English Professor John Beckman’s book is an erudite, engaging history, utterly free of jargon. His thesis is simple but one that gives him plenty of room for telling delightful stories and offering insight. Somehow, he says, inherent in the American character is a love of “fun,” the active, risk-taking, often irreverent enjoyment of “flaunted pleasure in the face of authority” (p. xiii), but also a fun that unites “the crowd in common joy” (p. xiv). This love of fun originates with the people, even though it was co-opted by impresarios like P. T. Barnum during the Gilded Age and, later, by Walt Disney; but the best fun still is rebellious and mocking, while remaining civil. American fun descended from the festivities of Thomas Morton at Merry Mount in Puritan Massachusetts and the playful Sons of Liberty whose protests against the British imposition of the Tea Act precipitated the American Revolution in 1776 to the Merry Pranksters of Ken Kesey and the new leftists of the Yippie movement in the 1960s and even the antics of punks and anti–World Trade Organization rallies in the 1980s and later.
Drawing on images and items from the Minnesota Historical Society’s collection, exhibit developer Kate Roberts, curator Adam Scher, and contributor Robert J. Smith III have published a visually engaging book documenting three decades of American playthings. Toys of the ’50s, ’60s, and ’70s describes the midcentury American toy boom as a product of post–World War II prosperity. According to the authors, increased income, birth rate, leisure hours, and media influence led to a greater demand for new toys as well the ability of manufacturers to supply them. From American Flyer Trains of the early1950s to Star Wars action figures of the late 1970s, this book tracks the evolution of American toys through thirty critical years.
We live in an age when psychotherapeutic treatment emphasizes quick diagnoses based on more or less standard categories of left-brain dominant cognitive understanding and verbal interaction. However, there is mounting evidence from developmental interpersonal neurobiology that this approach must be balanced with empathic resonance attunement at a nonverbal level for the facilitation of healing and deep therapeutic change. This evidence suggests “clinical intuition”—or the right-brain, fully-embodied mode of perceiving, relating, and responding to the ongoing flows and changing dynamics of psychotherapy—is an essential skill that enables a clinician to track and connect with his or her patients at an emotional and sensory level. Yet, because intuition is inherently subjective and unquantifiable, few have considered it a skill that can be taught or developed systematically.
In his 1991 book The Theory-Death of the Avant-Garde, Paul Mann declares, “The avant-garde, we know, is dead; nothing could appear more exhausted than its theory, its history, its works.” This provocative claim warrants reevaluation in the early twenty-first century, which has brought with it numerous experimental art movements, many enabled by the increased centrality of digital media. Brian Schrank’s Avant-Garde Videogames, declares that the avant-garde is alive and well, especially in what are often called art, serious, and “DIY” games. An avant-garde game, for Schrank, is one that “opens up the experience of playing a game or expands the ways in which games shape culture” (p. 3). He argues that unlike mainstream games that strive for universal literacy, avant-garde games seek to foreground their medium, defamiliarize conventional mechanics, and disrupt play flow. They also interrogate the ideologies, technologies, and systems that are central to contemporary culture.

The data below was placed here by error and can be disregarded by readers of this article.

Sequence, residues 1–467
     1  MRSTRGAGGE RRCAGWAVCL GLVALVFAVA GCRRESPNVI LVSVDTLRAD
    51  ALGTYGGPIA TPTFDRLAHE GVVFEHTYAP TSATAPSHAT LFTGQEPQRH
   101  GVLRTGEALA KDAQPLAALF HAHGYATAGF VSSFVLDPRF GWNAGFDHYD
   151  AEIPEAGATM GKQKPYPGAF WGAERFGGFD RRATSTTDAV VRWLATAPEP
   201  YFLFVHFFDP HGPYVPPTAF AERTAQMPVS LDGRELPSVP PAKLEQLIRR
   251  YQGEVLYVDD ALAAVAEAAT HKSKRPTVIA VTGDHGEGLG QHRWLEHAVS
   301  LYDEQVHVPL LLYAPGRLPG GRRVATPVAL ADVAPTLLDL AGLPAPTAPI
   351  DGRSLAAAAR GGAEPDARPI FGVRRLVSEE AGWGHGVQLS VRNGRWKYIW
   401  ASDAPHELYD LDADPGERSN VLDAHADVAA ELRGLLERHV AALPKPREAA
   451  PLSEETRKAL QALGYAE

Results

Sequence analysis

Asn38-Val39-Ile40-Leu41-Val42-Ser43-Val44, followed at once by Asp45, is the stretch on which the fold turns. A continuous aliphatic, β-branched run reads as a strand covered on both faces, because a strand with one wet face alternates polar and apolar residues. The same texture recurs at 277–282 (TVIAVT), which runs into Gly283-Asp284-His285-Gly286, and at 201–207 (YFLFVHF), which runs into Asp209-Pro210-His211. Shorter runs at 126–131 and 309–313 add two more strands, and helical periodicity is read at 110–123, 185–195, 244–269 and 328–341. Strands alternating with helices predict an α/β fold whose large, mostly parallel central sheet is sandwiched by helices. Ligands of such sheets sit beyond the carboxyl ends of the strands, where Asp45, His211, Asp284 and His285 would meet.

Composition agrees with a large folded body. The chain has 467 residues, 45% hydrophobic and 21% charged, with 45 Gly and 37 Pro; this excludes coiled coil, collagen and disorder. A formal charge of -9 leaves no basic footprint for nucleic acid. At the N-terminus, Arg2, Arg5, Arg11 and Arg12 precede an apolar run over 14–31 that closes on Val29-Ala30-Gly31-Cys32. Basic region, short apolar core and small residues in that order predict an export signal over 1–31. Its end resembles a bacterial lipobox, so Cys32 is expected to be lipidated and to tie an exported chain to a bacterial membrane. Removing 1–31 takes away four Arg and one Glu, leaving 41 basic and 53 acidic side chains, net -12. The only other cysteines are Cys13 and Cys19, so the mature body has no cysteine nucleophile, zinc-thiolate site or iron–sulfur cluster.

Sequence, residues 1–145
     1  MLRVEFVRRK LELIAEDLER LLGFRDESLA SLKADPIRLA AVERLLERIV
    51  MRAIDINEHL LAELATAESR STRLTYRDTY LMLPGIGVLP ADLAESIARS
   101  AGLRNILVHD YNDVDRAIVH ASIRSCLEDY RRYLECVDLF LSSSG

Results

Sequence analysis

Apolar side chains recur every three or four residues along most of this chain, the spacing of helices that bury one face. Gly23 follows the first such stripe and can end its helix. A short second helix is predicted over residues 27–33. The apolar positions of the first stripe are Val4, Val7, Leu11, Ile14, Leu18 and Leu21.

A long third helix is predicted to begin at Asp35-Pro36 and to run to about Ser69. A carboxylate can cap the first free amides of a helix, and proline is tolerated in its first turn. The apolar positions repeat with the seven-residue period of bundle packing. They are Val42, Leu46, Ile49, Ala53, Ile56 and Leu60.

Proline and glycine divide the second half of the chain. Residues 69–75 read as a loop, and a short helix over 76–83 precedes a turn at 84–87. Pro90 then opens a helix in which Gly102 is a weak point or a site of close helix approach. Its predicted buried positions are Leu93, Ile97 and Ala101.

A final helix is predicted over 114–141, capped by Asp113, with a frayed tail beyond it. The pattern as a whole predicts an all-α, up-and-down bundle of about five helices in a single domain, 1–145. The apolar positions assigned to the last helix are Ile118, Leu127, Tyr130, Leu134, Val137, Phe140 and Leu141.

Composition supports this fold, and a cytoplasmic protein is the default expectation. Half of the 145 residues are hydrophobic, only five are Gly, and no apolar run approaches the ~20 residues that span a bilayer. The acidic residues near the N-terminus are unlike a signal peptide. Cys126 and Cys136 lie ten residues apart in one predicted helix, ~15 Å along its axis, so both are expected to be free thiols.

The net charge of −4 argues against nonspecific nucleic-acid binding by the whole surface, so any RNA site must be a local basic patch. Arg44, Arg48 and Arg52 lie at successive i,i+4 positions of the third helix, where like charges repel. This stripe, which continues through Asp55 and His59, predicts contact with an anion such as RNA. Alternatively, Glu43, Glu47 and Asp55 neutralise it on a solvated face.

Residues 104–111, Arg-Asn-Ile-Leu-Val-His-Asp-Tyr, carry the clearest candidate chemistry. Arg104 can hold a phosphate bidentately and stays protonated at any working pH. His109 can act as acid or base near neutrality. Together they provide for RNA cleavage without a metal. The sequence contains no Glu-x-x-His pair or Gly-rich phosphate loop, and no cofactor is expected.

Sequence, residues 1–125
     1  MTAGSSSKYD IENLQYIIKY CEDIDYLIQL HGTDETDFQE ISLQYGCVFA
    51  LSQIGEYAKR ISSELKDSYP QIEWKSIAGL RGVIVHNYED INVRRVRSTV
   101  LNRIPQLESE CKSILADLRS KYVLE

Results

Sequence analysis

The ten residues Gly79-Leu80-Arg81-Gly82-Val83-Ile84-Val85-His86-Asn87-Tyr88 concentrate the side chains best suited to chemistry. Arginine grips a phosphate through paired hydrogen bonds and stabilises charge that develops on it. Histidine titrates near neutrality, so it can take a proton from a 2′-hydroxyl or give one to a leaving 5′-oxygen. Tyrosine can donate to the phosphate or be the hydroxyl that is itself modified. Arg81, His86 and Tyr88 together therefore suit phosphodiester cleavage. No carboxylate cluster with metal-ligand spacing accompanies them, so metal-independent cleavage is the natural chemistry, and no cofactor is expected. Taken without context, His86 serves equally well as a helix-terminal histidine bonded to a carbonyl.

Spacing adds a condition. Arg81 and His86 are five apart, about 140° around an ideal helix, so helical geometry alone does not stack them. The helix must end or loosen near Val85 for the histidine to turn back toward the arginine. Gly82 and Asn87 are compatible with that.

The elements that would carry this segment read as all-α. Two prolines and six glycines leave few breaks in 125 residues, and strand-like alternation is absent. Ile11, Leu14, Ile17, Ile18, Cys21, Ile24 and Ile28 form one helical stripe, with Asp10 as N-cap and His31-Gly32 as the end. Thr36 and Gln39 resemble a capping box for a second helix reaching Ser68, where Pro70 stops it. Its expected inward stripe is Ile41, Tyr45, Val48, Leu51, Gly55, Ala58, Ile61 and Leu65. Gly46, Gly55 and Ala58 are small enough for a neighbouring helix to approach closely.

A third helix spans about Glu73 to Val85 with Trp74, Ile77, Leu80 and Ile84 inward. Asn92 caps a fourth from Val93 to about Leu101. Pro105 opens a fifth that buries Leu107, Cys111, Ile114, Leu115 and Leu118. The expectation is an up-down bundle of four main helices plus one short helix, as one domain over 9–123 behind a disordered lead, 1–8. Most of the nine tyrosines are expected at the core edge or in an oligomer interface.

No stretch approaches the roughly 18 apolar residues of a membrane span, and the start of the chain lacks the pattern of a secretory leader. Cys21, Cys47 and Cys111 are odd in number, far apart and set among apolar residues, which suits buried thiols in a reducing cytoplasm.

Virtually Sacred: Myth and Meaning in World of Warcraft and Second Life is in many ways a natural follow-up to Robert W. Geraci’s 2011 book Apocalyptic AI: Visions of Heaven in Robotics, Artificial Intelligence, and Virtual Reality. His latest work is erudite, lucid, and a poignant and significant contribution to the flourishing multidisciplinary study of games and virtual worlds. It also adds to the recent body of scholarship examining the nexus of virtual worlds, sacred traditions, meaning making, and myth, including sociologist William Sims Bainbridge’s eGods: Faith Versus Fantasy in Computer Gaming and psychologist Nick Yee’s Proteus Paradox: How Online Games and Virtual Worlds Change Us—and How They Don’t. Virtually Sacred stands firmly alongside such works, offering a theoretical premise derived from the social sciences in general and the sociology of religion in particular.
A new generation of video game historians must preserve the medium’s heritage before it disappears. In Raiford Guins’s compelling journey as an adventuring media archaeologist, arcade machines from the heyday of arcade video games are an endangered species: they rot away in dumps, corrode on beachfront boardwalks, and succumb to the indignities of a ceaseless tide of button mashing without the care to keep them running. While threatened in the wild, some fortunate games have been removed from their natural habitats and placed into preserves ranging from museums, private collections, and historically minded arcades. By exploring and documenting the many ways in which people and institutions preserve digital games, Guins challenges the status quo of game history, surveys, and underused artifacts and archives in the United States, and invites others to follow in his footsteps to write a richer history of video gaming. Crucially, Guins’s project is not to engage with games-as-artifacts merely to recapture the authenticity of the play experience at the moment of its release as a consumer product. Instead, he seeks to trace the path of games as they travel through time and space and in so doing take on different meanings, cultural environs, values, and epistemologies.